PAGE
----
Scientists have mapped vast dune fields on Titan that may align with the wind on Saturn’s biggest moon — flowing opposite the way climate models had predicted.
The maps, as above, represent four years of radar data collected by the Cassini spacecraft. They reveal rippled dunes that are generally oriented east-west, which means Titan’s winds probably blow toward the east instead of the west. If so, Titan’s surface winds blow opposite the direction suggested by previous global circulation models. On the example above, the arrows indicate the general wind direction. The dark areas without arrows might have dunes but have not yet been imaged.
“At Titan there are very few clouds, so determining which way the wind blows is not an easy thing, but by tracking the direction in which Titan’s sand dunes form, we get some insight into the global wind pattern,” says Ralph Lorenz, Cassini radar scientist at Johns Hopkins University in Maryland. “Think of the dunes sort of like a weather vane, pointing us to the direction the winds are blowing.”
Titan’s dunes are believed to be made up of hydrocarbon sand grains likely derived from organic chemicals in Titan’s smoggy skies. The dunes wrap around high terrain, which provides some idea of their height. They accumulate near the equator, and may pile up there because drier conditions allow for easy transport of the particles by the wind. Titan’s higher latitudes contain lakes and may be “wetter” with more liquid hydrocarbons, not ideal conditions for creating dunes.
“Titan’s dunes are young, dynamic features that interact with topographic obstacles and give us clues about the wind regimes,” said Jani Radebaugh, from Brigham Young University in Utah. “Winds come at these dunes from at least a couple of different directions, but then combine to create the overall dune orientation.”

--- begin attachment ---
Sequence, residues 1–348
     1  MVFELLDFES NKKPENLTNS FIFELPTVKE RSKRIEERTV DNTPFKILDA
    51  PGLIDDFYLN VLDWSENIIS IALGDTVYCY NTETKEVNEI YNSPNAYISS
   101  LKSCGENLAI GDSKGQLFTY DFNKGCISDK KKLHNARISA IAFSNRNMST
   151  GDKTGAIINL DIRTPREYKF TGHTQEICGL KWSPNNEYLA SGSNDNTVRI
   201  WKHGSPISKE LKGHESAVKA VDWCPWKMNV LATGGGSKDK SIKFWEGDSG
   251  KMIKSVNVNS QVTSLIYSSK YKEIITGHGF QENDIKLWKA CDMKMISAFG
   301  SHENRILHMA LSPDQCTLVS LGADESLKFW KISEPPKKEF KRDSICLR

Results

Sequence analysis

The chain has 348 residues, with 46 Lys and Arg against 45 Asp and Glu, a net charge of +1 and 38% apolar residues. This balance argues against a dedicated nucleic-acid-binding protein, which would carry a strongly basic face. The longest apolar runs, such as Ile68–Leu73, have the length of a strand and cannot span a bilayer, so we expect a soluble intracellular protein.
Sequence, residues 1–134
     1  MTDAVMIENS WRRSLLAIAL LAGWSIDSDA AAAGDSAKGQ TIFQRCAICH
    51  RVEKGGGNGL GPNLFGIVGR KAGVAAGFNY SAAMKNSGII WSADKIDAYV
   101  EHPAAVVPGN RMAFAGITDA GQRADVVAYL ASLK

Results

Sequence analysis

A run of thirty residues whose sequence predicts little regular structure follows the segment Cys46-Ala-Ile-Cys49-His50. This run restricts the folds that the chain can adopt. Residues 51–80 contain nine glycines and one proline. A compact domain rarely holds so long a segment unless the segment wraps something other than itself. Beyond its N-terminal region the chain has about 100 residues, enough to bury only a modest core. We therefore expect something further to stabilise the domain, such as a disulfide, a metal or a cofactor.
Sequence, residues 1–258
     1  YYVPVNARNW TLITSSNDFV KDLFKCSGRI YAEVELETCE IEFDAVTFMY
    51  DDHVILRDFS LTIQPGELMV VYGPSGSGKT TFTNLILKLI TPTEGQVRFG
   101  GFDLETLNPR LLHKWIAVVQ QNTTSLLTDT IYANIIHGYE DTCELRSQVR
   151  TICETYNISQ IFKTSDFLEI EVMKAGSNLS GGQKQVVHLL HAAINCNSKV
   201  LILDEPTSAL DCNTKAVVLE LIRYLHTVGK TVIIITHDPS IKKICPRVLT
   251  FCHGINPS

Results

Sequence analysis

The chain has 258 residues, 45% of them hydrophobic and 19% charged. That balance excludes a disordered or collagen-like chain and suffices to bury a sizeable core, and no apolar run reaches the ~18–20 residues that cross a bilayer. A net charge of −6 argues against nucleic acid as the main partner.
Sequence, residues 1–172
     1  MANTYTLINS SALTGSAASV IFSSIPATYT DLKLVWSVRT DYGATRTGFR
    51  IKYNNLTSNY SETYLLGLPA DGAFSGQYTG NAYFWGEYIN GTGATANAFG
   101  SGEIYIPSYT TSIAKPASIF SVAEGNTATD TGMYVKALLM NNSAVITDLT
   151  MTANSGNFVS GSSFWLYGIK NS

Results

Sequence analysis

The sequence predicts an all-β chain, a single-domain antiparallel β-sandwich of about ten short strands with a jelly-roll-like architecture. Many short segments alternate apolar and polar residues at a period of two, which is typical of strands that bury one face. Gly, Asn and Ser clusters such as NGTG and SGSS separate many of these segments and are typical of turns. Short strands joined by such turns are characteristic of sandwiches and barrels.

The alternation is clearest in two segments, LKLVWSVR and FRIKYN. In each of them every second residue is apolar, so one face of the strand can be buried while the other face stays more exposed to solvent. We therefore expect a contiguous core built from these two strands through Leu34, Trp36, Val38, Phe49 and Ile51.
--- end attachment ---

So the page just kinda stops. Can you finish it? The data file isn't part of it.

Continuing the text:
Researchers say the wind pattern is important for planning future Titan explorations that might involve balloon-borne experiments. Some 16,000 dune segments were mapped out from about 20 radar images, digitized and combined to produce the new map, which is available at http://saturn.jpl.nasa.gov and http://www.nasa.gov/cassini. A paper based on the new findings appeared in the Feb. 11 issue of Geophysical Research Letters.
Cassini, which launched in 1997 and is now in extended mission operations, continues to blaze its trail around the Saturn system and will visit Titan again on March 27. Seventeen Titan flybys are planned this year.
The Cassini-Huygens mission is a cooperative project of NASA, the European Space Agency and the Italian Space Agency. NASA’s Jet propulsion Laboratory (JPL) in Pasadena, California manages the Cassini-Huygens mission. The Cassini orbiter was designed, developed and assembled at JPL. The radar instrument was built by JPL and the Italian Space Agency, working with team members from the United States and several European countries. The imaging operations center is based at the Space Science Institute in Boulder, Colorado.
LEAD IMAGE CREDIT: NASA/JPL/Space Science Institute (Boulder, Colorado)